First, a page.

The Federal Aviation Administration (FAA) on Monday published its final list of required design changes to the Boeing 737 Max, as well as changes to operation and maintenance procedures and to proposed pilot training, that must be completed for the jet to return to passenger service.
The design changes include new software to limit the flight-control system that caused two Max crashes that killed 346 people, a new cockpit alert to tell pilots if a sensor that initiated those crashes is faulty, as well as the rerouting of some wiring on the planes to forestall a potential similar failure being triggered by an electrical short.
The FAA said it completed all approvals associated with the design changes itself, delegating none of the oversight work to Boeing.
“This thorough review has taken more than 18 months and included the full-time work of more than 40 engineers, inspectors, pilots, and technical support staff,” the safety agency said. “The effort represents more than 60,000 FAA hours of review, certification testing, and evaluation of pertinent documents. This has so far included approximately 50 hours of FAA flight or simulator tests and FAA analysis of more than 4,000 hours of company flight and simulator testing.”
The publication sets in motion the final steps toward allowing U.S. airlines to fly passengers on the Max again before the end of this year.
The FAA documents will be published in the Federal Register in the coming days, which will start the clock on a 45-day period for public comment, during which airline operators, industry experts and members of the public can provide feedback on the FAA proposal.
After some weeks, the FAA will respond to the comments and issue its final Airworthiness Directive, approving the Max to fly again. That clearance is expected in October. After that, U.S. airlines will take a month or two to modify and test their airplanes and train their pilots.
A separate FAA report that will lay out the minimum training standards for Max pilots is still pending.
Fixing the flaws
The proposed FAA Airworthiness Directive that would reverse the March 2019 grounding of the Boeing jet will require installing new software to correct the flaws in the flight control system — the Maneuvering Characteristics Augmentation System (MCAS) — that went wrong on the two Max crash flights in Indonesia and Ethiopia.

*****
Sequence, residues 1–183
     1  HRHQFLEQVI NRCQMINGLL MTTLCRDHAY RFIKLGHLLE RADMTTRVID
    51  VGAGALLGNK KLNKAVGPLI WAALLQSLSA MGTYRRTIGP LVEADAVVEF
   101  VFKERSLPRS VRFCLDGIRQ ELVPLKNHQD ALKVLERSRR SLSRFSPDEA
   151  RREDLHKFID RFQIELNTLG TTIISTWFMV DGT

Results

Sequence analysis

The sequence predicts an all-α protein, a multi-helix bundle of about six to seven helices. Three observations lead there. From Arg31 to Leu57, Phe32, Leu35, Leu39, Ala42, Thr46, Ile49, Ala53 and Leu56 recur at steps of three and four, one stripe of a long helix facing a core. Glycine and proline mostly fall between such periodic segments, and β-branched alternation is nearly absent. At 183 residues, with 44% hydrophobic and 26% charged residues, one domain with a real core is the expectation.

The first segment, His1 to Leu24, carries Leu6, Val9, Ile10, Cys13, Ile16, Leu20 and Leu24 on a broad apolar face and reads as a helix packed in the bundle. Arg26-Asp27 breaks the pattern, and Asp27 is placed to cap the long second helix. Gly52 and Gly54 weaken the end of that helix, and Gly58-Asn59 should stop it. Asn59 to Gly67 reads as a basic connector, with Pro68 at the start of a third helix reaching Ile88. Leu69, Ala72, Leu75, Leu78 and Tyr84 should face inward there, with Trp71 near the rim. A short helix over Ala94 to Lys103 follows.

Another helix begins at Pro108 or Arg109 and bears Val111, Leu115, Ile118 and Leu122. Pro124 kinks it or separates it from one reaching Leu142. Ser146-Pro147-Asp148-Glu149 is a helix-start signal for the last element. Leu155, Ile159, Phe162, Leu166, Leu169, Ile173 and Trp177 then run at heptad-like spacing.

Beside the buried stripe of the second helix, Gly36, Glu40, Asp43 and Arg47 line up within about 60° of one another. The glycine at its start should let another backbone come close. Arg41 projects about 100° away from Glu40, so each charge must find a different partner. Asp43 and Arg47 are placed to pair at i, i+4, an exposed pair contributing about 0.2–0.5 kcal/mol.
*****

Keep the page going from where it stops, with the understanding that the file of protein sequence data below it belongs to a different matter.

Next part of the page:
The changes mean MCAS will activate based on inputs from two Angle of Attack sensors rather than the single sensor in the original design, failure of which initiated the catastrophes.
And if MCAS is triggered, it will activate only once, not multiple times as on the two crash flights, and the magnitude of the system’s deflection of the horizontal tail will be limited so that the pilots can counter it if needed by pulling back on the control column.
Experts believe that these fixes, developed by Boeing, should prevent a recurrence of the scenarios on the crash flights.
The FAA also proposes requiring an additional software update that will provide a new instrument panel alert to the pilots when there is a disagreement between the two Angle of Attack sensors.
In addition to these software and system changes, the wiring that controls the horizontal tail of the airplane — known as the horizontal stabilizer — must be re-routed to separate bundles of wires. This is to avoid an electrical short circuit that might swivel the horizontal tail uncommanded by the pilot, causing a potential outcome similar to an activation of MCAS.
Once each of the Maxes has been modified with the new software, crew alerts and wiring changes, the FAA mandates that the airline must complete a system test on the Angle of Attack sensors. This test is projected to take a week.
Finally, every airline must also perform an operational readiness flight on each Max jet before it carries any passengers.